The merger between Exxon and Mobil, creating the largest corporation on earth, underscores how much the world energy industry is changing - and how little influence oil companies now have in shaping much of it.
In an age of cheap energy prices, the industry is being forced to undergo one of the greatest consolidations since the days of John D. Rockefeller.
The result is likely to be the loss of tens of thousands of jobs in oil patches and corporate suites around the world. The consolidations may also impact the number of gas stations in local neighborhoods.
But analysts expect few changes in the prices of gasoline. At a time when so many different countries are producing crude, no one cartel - be it Arab states or corporate giants - can now control the price of oil.
"The difference now is global competition," says Chris Ellsworth, head of the Washington office of Energy Security Analysis. "Today nobody controls the world market - not even OPEC."
Indeed, with the price of oil falling to the lowest level in 12 years, companies feel they must consolidate to survive. Besides the $77-billion merger between Exxon and Mobil, which the companies were announcing Dec. 1 in New York, British Petroleum is trying to link up with Amoco. The French oil company, Total, plans to merge with the Belgian oil and chemical giant PetroFina, becoming the sixth-largest oil company in the world.
Other mergers are likely as medium-sized firms find themselves unable to compete with the giants. "The incentive in this merger [Exxon-Mobil] is to cut expenses," says John Lichtblau of the Petroleum Industry Research Foundation in New York.
Competition, in fact, will play a big role in determining the regulatory response to the giant combination. The merger must be approved by the Federal Trade Commission and the European Union. "The antitrust authorities in Europe and the US will extract some price," says Robert Litan, a fellow at the Brookings Institution in Washington.
Most analysts expect the authorities will look most closely at the downstream - refining and marketing - part of the business. It's likely that the two companies will have to divest themselves of gasoline stations and refineries. Combined, the two companies have about a 20 percent share in the US gasoline market.
"What the regulators do is put a great big map on the wall and literally stick pins in it where all the gas stations and refineries are, and then look for excess concentrations," says Mr. Litan.
But even the marketing of gasoline is changing. The oil companies are building large "superpumper" stations with up to 50 gasoline pumps at each station.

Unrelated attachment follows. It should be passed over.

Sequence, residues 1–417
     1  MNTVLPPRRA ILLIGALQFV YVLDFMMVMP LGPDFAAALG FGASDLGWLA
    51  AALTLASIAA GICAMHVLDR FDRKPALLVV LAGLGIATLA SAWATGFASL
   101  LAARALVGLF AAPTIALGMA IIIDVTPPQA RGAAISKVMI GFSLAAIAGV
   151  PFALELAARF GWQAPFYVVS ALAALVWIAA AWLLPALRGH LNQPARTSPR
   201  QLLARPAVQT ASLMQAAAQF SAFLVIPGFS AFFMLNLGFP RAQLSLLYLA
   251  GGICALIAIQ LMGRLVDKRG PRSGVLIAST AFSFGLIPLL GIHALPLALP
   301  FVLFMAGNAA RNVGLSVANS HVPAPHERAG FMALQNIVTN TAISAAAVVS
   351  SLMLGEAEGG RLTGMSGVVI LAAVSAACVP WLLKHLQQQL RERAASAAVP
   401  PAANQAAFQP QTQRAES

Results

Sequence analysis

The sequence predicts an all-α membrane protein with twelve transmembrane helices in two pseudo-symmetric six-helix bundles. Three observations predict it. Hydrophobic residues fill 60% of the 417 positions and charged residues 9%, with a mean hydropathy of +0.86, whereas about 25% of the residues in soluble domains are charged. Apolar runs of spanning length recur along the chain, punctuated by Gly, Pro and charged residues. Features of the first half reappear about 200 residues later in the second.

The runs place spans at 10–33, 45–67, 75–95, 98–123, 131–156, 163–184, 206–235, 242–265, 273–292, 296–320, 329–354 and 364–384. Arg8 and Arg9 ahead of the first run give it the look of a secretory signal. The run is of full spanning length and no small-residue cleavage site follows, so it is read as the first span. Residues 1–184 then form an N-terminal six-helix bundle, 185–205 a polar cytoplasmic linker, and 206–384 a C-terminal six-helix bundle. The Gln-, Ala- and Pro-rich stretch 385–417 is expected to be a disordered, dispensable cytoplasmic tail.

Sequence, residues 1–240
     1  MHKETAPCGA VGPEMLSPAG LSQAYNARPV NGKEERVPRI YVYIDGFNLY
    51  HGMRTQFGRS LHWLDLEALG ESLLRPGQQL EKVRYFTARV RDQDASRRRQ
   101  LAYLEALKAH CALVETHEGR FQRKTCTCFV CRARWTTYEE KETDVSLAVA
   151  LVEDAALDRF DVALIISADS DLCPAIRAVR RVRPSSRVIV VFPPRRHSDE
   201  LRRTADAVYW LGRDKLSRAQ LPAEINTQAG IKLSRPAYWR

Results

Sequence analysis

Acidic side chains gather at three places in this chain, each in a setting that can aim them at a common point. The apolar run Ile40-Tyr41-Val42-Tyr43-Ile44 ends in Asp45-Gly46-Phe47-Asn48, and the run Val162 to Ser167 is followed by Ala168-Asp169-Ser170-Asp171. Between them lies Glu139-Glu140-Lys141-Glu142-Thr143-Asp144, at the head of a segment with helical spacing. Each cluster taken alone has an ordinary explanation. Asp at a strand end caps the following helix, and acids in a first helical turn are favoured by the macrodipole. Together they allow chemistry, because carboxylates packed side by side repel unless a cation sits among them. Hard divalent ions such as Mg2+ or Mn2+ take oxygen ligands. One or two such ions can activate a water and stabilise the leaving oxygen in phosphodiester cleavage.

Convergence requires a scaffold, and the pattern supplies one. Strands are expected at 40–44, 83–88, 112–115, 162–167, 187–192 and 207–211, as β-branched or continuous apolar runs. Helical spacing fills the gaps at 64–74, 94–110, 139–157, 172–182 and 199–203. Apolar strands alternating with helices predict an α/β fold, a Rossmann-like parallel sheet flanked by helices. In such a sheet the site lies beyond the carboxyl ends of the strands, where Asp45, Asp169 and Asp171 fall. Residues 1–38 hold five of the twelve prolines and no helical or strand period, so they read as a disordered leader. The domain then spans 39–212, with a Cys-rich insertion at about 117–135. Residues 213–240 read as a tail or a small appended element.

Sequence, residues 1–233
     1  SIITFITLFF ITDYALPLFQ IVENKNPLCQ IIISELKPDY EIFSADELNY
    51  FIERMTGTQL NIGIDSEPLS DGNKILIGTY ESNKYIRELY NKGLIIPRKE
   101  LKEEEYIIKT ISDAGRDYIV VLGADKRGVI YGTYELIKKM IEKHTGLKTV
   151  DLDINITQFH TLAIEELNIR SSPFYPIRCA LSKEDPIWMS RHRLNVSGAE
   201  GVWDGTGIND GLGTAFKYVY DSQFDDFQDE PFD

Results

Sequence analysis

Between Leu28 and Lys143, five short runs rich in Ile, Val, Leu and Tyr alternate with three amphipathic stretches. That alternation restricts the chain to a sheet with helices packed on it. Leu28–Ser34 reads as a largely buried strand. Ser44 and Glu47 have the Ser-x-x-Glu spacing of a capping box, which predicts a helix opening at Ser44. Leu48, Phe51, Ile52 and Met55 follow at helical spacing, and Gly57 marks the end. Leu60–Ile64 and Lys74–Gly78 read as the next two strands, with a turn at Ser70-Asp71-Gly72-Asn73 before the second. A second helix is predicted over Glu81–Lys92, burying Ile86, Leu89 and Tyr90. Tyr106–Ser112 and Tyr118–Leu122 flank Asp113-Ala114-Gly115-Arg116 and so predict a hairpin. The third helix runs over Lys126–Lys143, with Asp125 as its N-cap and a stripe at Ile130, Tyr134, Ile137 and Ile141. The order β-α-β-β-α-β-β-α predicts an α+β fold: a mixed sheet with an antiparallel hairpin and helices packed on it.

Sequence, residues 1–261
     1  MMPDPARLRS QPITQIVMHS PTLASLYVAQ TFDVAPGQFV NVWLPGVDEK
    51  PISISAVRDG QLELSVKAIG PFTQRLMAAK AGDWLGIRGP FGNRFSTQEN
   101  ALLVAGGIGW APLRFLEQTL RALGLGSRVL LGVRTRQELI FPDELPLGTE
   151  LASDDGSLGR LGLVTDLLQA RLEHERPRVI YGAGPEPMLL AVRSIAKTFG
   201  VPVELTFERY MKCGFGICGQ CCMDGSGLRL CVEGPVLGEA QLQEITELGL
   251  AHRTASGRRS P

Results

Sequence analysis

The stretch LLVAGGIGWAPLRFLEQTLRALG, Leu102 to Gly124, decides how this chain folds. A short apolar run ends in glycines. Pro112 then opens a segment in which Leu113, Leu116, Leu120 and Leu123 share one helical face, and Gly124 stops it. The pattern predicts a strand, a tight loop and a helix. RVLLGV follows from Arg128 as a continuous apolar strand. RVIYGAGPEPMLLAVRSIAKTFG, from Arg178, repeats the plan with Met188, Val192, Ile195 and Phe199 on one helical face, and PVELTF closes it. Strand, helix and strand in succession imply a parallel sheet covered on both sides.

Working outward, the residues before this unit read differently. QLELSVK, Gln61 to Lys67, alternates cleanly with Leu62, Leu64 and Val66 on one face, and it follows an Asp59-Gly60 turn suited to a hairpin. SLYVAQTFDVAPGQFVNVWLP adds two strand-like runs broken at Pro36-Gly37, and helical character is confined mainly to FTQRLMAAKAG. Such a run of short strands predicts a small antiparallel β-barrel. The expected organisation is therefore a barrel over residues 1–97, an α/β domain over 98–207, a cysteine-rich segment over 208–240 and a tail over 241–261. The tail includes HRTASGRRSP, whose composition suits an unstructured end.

"Environmental regulations are so tough that it's driving the small stations out of business," says Marvin Zonis, a consultant in Chicago. "With profit margins so low, you need to have a high-volume business."
The consolidations may accelerate with the new merger. Federal regulators could require the new behemoth to close some service stations - especially in New York, New Jersey, and parts of the West and Southwest, where Mobil and Exxon stations are the most concentrated.
Yet, even without federal involvement, analysts say there's little danger of returning to the Rockefeller era, when his firm controlled 90 to 95 percent of the American market. "There's no way this is a throwback to the Standard Oil days," says Mr. Ellsworth. "Now production is happening all over the world."
FURTHERMORE, he says, the current wave of consolidations are streamlining the industry, which could protect consumers from price hikes if world oil prices start to jump.
For Exxon, the acquisition of Mobil gives it a first class exploration department. Mobil is currently involved in new oil discoveries in the Caspian Sea and off the west coast of Africa.
It has been adding reserves while Exxon has had trouble finding new oil supplies. The two companies combined will now control an enormous amount of crude oil production - about 2.5 million barrels a day, the third-largest in the world.
The deal will bring together two of the largest parts of John D. Rockefeller's Standard Oil trust, the monopoly split up by the government 90 years ago. According to published reports, the two companies will retain their names on their gas stations.
* Abraham McLaughlin contributed to this report.